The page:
A leader in the moderate resistance to fundamentalist influence in the closing decades of the 20th century says he sees troubling similarities between today’s political climate and the era now commonly referred to as the Conservative Resurgence in the Southern Baptist Convention.
David Currie, who led the moderate political and educational group Texas Baptists Committed more than 20 years before stepping aside in 2009, said in a weekend radio interview that the conservative strategy was based on “untruth” — such as one leader’s repeated charge “that some of our Southern Baptist seminaries did not have a single professor that believed the Bible was the word of God” — to inflame grassroots Baptists to rebel against the status quo.
“The strategy was untruth. The strategy was attack and it was to mislead people,” Currie told former Interfaith Alliance head Welton Gaddy Dec. 10 on the “State of Belief” weekly radio program.
Currie said the conservative strategy took advantage of a form of denominational governance that entitled small and marginally involved churches to the same maximum number of voting messengers as congregations that were much larger and more deeply invested.
“It allowed the uneducated people to fall for this kind of strategy, show up at the convention and follow the leadership that was there,” Currie said. “I hate to say it, but you see it repeating itself in national politics right now — truth, followed by people who don’t know any better, calling for change that isn’t even needed.”
Currie said his first exposure to the “fundamentalist takeover” came when he worked for the Christian Life Commission — the SBC’s moral concerns agency now known as the Ethics and Religious Liberty Commission — with the 1979 election of Memphis mega-church pastor Adrian Rogers as convention president.
“We began to see it right then, and a few of us quickly recognized this was not just a pendulum swing, this was something extremely serious,” Currie said.
Currie said fundamentalism — whether Christian, Islamic or whatever — “is always my way or the highway.”
“It’s always, ‘If you don’t agree with me, you don’t believe the Bible; you don’t believe the truth.’ It’s a completely closed system for freedom of thought and for freedom of expression that is different in any form of fashion,” he said.
“Once this started permeating the Southern Baptist Convention it was clear to see where it was headed,” Currie said. “If they could get control of our seminaries that control what is taught, there would be no more education as you and I would define it. It would become indoctrination, and they were successful in doing it.”
Currie said the moderate response was slow to organize. “I didn’t really get involved until 1988, and folks were late to recognize it. Of course now the Southern Baptist seminaries are places that traditional Baptists should not attend.”
Currie said he learned early on that fundamentalism is “a totally different way of looking at the world,” one that “just doesn’t allow any diversity, any freedom of thought.”
“Especially here in Texas, we realized that when you’re dealing with fundamentalism, there isn’t a middle ground,” he said. “Our nature — the way you and I think and operate — is let’s sit down and reason together.”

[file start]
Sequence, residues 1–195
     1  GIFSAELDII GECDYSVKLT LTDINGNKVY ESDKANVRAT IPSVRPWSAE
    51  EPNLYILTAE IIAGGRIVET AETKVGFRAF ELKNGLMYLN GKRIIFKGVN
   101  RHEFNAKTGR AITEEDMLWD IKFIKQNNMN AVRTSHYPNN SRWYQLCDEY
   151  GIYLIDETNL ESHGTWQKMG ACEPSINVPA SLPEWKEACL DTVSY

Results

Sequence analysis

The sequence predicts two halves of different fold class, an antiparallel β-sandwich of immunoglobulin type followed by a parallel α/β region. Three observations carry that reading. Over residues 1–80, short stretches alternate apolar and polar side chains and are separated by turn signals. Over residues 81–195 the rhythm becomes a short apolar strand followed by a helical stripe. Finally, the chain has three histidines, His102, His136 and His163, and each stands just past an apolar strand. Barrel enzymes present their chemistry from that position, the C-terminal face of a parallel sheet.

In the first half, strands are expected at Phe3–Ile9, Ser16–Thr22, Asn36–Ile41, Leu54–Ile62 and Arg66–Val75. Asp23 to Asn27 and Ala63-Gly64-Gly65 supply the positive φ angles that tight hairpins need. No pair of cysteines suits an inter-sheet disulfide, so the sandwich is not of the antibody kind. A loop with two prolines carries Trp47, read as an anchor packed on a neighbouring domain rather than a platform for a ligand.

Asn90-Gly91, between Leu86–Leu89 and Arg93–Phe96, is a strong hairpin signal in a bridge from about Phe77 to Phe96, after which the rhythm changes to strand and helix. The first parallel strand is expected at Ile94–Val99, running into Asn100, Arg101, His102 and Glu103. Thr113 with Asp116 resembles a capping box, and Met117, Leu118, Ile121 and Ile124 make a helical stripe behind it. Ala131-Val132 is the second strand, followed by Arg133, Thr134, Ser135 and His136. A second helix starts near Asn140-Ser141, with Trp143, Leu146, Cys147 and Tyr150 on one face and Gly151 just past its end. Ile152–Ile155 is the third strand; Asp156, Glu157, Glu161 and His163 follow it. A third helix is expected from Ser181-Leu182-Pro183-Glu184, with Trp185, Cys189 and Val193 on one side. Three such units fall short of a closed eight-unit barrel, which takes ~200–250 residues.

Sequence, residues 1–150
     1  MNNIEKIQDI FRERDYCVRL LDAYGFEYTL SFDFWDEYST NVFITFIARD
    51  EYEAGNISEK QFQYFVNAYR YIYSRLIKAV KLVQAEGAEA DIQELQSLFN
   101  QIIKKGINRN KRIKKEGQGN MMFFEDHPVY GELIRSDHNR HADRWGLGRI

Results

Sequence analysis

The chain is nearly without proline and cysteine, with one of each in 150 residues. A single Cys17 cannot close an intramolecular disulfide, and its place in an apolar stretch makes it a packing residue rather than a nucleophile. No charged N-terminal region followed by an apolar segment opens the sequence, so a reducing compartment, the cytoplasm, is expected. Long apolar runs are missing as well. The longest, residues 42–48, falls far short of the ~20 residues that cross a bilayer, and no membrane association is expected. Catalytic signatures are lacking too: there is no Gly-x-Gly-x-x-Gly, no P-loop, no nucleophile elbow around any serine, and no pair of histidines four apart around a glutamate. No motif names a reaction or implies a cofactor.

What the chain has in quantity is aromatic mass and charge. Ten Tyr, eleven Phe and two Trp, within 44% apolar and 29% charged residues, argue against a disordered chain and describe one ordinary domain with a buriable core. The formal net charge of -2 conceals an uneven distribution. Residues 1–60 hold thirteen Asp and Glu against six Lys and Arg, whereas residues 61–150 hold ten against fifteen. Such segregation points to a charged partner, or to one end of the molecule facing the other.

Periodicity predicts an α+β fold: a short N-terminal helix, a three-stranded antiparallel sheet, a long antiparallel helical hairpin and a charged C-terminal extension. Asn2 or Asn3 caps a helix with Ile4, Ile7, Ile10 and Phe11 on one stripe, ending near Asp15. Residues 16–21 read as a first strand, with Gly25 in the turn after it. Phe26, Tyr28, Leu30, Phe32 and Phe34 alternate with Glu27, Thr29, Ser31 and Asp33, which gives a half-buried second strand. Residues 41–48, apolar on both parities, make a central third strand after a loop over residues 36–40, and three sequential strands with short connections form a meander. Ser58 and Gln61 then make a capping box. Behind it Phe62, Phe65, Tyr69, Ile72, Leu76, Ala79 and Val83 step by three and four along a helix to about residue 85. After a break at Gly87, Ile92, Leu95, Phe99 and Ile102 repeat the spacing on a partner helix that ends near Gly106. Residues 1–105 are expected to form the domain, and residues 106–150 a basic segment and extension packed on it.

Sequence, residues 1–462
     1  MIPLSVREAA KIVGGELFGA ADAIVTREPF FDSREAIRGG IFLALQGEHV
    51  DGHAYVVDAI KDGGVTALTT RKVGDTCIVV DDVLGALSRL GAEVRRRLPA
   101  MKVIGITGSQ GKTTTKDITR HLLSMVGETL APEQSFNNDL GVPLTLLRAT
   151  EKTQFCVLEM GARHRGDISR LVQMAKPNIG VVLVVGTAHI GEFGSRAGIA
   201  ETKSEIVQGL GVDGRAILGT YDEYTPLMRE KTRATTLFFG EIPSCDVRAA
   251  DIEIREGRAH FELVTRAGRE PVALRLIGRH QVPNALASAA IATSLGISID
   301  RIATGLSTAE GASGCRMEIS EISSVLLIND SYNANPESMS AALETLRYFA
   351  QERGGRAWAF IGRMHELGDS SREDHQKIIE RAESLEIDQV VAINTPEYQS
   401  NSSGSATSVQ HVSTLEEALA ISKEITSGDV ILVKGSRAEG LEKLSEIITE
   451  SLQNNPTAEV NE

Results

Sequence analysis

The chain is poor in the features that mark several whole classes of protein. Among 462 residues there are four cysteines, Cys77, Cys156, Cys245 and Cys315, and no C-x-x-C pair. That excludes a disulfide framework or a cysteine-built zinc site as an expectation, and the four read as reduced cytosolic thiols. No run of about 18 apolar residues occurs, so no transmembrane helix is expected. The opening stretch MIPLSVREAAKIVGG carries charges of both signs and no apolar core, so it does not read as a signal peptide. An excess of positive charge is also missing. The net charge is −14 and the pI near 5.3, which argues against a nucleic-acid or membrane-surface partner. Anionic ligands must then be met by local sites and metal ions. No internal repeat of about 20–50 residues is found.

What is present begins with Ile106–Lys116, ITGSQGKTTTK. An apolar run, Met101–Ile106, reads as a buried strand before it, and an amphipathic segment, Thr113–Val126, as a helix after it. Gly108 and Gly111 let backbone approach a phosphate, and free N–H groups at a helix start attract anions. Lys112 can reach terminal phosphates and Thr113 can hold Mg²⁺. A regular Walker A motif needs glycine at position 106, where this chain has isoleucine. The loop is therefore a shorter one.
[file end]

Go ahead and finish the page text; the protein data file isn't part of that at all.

“I realized that with the fundamentalist movement if you had a body of water 100 feet long and you built a bridge 99 feet, they wouldn’t let you build that last foot,” Currie said. “There was never room for compromise. You had to defeat them in what they were doing.”
“Now, you had to do it with more character and integrity, so what I ended up doing in Texas is leading the effort to strategically deal with getting the messengers to the convention to defeat fundamentalists,” Currie related. “I had a public organization that people could join called Texas Baptists Committed. I found individuals even in fundamentalist churches and in somewhat conservative churches that really believed in the First Amendment and really believed in allowing the professors in our colleges to teach and encourage people to think.”
“So we actually had to have a political campaign to get people to the convention and defeat them, and we successfully did that in Texas,” Currie said. “So that’s why I’m somewhat disappointed now in some things happening here, but that’s a different story.”
Currie said he tried to spread the Baptists Committed message into the Southeast, but the moderate leadership in those states “kept thinking they could fight this quietly and behind the scenes, which you really can’t do.” Currie said that strategy succeeded only in Virginia and to a degree in North Carolina.
“The organized effort to resist this kind evil, as I call it, never really materialized in other states to the level that it did in Texas,” Currie said. “Part of it is they needed to have someone full time doing it, like we had here, that was committed to it.”
Currie said he carried his philosophy “that any lie had to be answered” to confront attacks on the Cooperative Baptist Fellowship in the early 1990s. “They would attack the Cooperative Baptist Fellowship, and even though Baptists Committed was something different, I answered every lie, publicly and in writing and in speaking and other ways,” Currie said. “I think you have to do that. You just simply can’t leave lies unanswered, or people will believe them.”